Categorized | Local, News

As We Remember June 25, 1997

 

 

Montserat 1997

Montserrat volcanic eruption 1997

By Bennette Roach

I remember where I was and what I was doing on that day, the hour, the moment. In fact I was attending the Rotary weekly meeting at the Vue Pointe Hotel, where Lloyd Lynch, one of the lead scientist was the guest speaker, updating Rotarians on the volcanic activity. He received a telephone call that told him to look up at Soufriere Hills. We all rushed out to the Vue Pointe Hotel swimming pool patio and saw the avalanche of ash cloud and pyroclastic flows descending across Farrells to Windy Hill etc.

I was totally dumbfounded almost in shock. It was just after midday. I was to sit with the Scottish scientist and others at Radio Montserrat at six o’clock that day, planned since a week before, following a helicopter trip over the volcano, where we were shown that pyroclastic flow had already begun to creep over the Farrells wall. Unfortunately that discussion did not take place for reasons that continue to plague Montserrat. The result people died which may not have been the case, had the scientist been able to explain the dangers over and above those they had already been providing.

So people died, and later even to this day there are the reasons why it happened. But while HMG did not quite accept the verdict following the Inquiry which was presided over by Magistrate Rhys Burris, local government is yet to pursue some form of compensation for the survivors of these people. The deceased were where they were that day for varying reasons.

Following the Inquest hearing: While the jurors found all 19 deaths were “caused by the natural catastrophe,” they pointed the finger of responsibility at both Her Majesty’s Government and the Government of Montserrat in at least some of the them.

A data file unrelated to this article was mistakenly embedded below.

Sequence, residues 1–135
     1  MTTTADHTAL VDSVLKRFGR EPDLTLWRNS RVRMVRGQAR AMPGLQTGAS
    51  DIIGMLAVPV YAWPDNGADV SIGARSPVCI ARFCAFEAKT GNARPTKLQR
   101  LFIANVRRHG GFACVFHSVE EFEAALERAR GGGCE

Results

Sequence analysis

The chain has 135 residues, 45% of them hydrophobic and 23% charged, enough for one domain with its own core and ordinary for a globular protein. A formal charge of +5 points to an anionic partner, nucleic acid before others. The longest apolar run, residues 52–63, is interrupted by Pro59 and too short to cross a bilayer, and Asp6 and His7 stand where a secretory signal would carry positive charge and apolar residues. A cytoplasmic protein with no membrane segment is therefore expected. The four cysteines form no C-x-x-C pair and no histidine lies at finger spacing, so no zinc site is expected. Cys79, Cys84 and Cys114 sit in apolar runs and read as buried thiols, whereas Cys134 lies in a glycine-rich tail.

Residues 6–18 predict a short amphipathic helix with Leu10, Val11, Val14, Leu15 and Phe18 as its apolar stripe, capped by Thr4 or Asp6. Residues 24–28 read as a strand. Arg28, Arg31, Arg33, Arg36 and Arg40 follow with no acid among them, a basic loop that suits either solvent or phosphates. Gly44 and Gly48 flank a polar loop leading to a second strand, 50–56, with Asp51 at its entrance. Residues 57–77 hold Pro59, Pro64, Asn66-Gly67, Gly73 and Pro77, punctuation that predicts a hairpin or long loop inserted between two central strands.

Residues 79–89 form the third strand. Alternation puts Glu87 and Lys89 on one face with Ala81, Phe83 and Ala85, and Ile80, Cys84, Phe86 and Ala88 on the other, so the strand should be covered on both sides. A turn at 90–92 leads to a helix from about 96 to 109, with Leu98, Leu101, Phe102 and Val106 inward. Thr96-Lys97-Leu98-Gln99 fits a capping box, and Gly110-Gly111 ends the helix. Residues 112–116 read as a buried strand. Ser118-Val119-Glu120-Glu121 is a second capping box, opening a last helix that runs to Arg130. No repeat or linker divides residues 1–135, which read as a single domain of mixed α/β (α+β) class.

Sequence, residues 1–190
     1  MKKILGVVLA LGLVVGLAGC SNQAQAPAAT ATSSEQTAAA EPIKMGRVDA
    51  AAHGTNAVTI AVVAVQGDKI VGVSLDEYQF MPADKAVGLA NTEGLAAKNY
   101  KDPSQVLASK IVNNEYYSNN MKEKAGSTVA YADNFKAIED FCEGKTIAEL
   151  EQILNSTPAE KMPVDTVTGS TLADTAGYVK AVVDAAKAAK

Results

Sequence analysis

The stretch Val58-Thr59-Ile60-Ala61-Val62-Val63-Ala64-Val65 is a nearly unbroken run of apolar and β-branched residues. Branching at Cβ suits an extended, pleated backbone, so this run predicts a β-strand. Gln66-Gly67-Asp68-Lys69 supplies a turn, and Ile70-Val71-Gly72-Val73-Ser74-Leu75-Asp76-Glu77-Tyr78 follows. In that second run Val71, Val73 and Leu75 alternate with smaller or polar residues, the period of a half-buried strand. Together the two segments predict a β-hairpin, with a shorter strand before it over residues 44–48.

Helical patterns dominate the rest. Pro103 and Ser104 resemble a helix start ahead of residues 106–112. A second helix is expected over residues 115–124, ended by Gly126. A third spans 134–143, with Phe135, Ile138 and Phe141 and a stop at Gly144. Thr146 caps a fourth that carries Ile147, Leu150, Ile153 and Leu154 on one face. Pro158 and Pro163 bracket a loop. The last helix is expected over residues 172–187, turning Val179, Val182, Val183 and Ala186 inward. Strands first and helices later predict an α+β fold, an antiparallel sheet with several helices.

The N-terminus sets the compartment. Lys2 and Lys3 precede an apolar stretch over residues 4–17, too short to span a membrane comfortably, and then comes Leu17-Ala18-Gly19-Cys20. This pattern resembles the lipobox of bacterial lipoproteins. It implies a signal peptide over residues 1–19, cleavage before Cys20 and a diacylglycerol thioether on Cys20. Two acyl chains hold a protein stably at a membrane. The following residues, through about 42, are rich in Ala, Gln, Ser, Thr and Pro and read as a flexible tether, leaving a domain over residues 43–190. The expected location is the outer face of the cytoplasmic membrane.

In London, the Foreign Office promptly disclaimed any responsibility of Her Majesty’s Government in the deaths. In a statement reported by the BBC, it said, “On May 23, the farmers were told to stop farming in the area nearest the volcano. It is inconceivable that they were not aware of the dangers.”

Let us remember these people. Their deaths brought urgent attention which again to this day as we recall 20 years since the crisis began, the question must be how strong the indication of the casual way the Montserrat recovery has progressed, or retrogressed.

  • Alwin Allen, 44, a livestock farmer, died in Farms.
  • Winston Allen, 41, chauffeur and livestock farmer, died in Farms.
  • Benjamin / Joseph Brown, 71, a farmer, died in the central area of Montserrat.
  • Felina Celestine, 45, a farmer, died in Farrells.
  • Melville Cuffy, 39, a farm worker, died in Farrells.
  • Beryl Grant, 73, farmer and huckster, died in Harris.
  • Edith Greenaway, 69, resident, died at her home in Streathams.
  • Joseph Greenaway, 62, resident, died at his home in Windy Hill.
  • Mary Bernardine Harris, 44, resident, died at her home in Farms.
  • Alicia Joseph, 23, resident, died at her home in Farms.
  • Allister Joseph, 3-months, died with his mother in Farms.
  • Isolyn Lewis, 43, a farmer, died in Farrells.
  • Chana Rueben Boatswaine/Horrance Murraine, 66, airport worker, died in Farms.
  • Keithley Ponde, 32, a farmer, died in Farrells.
  • Hezekiah Riley, age unknown, described as mentally unstable, died at his home in Streathams.
  • Phillip Robinson, 66, a farmer, died in Streathams.
  • Anthony Sutton, 72, resident, died at his home in Farms.
  • Virginia Sutton, 70, resident, died at her home in Farms.
  • Joseph / Simon Tuitt / White, 45, airport worker, died in Farms.